In the June 1991 issue of the California Taxletter, we ran an article that highlighted the seemingly arbitrary rules that determined whether a food was taxable. The article stated that (at the time) sales tax applied to certain foods based on random quantity, depending on what the BOE determined was a “suitable” amount for consumption. For example, a pint of ice cream was not considered a suitable amount for consumption so no tax applied, but a one-half pint was suitable and so tax applied. (This anonymous author can eat a whole pint, no problem, and will pay the tax to prove it.)
The issue stemmed from language in 18 Cal. Code Regs. §1603: “… tax applies to sales of cold food products … in a form suitable for consumption on the seller’s premises [emphasis added].”
However, the current version of §1603(c) now includes a clarifying definition:
(A) For purposes of this subdivision (c), the term “suitable for consumption on the seller’s premises” means food products furnished:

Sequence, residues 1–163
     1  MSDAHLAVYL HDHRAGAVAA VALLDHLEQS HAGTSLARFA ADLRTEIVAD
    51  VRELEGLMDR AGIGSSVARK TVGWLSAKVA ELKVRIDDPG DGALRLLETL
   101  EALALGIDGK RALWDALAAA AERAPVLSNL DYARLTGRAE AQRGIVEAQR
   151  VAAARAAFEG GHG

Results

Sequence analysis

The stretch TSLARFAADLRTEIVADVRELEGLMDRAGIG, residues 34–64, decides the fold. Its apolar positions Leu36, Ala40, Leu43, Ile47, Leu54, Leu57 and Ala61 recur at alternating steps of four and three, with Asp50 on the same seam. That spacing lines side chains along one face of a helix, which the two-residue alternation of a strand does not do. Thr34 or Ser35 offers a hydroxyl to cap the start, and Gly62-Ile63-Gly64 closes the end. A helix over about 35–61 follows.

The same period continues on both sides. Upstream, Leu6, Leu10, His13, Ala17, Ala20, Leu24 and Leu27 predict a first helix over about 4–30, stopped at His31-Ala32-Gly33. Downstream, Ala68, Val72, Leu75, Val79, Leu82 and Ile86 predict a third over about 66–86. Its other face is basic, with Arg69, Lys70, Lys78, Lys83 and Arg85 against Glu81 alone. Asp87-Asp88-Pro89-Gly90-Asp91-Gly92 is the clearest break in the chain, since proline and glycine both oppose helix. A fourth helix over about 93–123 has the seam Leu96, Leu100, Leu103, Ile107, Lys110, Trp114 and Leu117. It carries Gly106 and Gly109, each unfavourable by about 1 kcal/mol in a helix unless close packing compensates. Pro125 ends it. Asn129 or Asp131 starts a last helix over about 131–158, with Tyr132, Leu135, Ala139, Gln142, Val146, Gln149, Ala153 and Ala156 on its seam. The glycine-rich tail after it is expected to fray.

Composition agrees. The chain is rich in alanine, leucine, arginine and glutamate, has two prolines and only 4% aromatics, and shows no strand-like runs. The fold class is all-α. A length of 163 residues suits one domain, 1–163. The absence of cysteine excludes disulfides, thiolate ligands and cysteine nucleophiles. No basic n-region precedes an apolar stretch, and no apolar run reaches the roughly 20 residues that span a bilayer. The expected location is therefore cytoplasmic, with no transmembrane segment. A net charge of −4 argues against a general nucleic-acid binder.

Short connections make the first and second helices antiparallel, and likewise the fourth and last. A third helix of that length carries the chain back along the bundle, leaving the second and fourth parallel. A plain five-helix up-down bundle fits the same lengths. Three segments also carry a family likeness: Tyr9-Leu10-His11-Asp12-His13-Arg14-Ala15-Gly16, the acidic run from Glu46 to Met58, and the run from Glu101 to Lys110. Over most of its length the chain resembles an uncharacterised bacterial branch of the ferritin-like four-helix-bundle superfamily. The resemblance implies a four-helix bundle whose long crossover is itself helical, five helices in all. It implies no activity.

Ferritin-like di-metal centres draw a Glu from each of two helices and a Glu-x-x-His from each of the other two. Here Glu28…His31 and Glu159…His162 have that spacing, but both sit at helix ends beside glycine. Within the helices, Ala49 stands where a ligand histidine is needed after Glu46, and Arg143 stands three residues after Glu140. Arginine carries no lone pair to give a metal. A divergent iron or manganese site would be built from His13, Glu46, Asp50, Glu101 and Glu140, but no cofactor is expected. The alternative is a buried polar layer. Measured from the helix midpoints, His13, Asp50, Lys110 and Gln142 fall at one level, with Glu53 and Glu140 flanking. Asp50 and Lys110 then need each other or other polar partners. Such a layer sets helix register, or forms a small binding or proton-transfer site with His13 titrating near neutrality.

- In a form which requires no further processing by the purchaser, including but not limited to cooking, heating, thawing, or slicing, and
- In a size which ordinarily may be immediately consumed by one person such as a large milk shake, a pint of ice cream, a pint of milk, or a slice of pie. Cold food products (excluding milk shakes and similar milk products) furnished in containers larger in size than a pint are considered to be in a form not suitable for immediate consumption.
Note the somewhat subjective terms “large milkshake” and “a slice of pie.”
Sales tax oddities as related to food continue to this day. A favorite is hot food versus cold food:
- The mere heating of a food product constitutes preparation of a hot prepared food product (e.g., grilling a sandwich, dipping a sandwich bun in hot gravy, using infrared lights, using steam tables, etc.).
- On the other hand, the sale of a toasted sandwich, which is not intended to be in a heated condition when sold, such as a cold tuna sandwich on toast, is not a sale of a hot prepared food product.1
Sales of food products are considered taxable sales of hot food items when a seller’s premises includes microwave ovens accessible only to the seller. If the microwave ovens are accessible to the public, the sales are generally nontaxable because the customers are buying the food cold and heating it themselves.2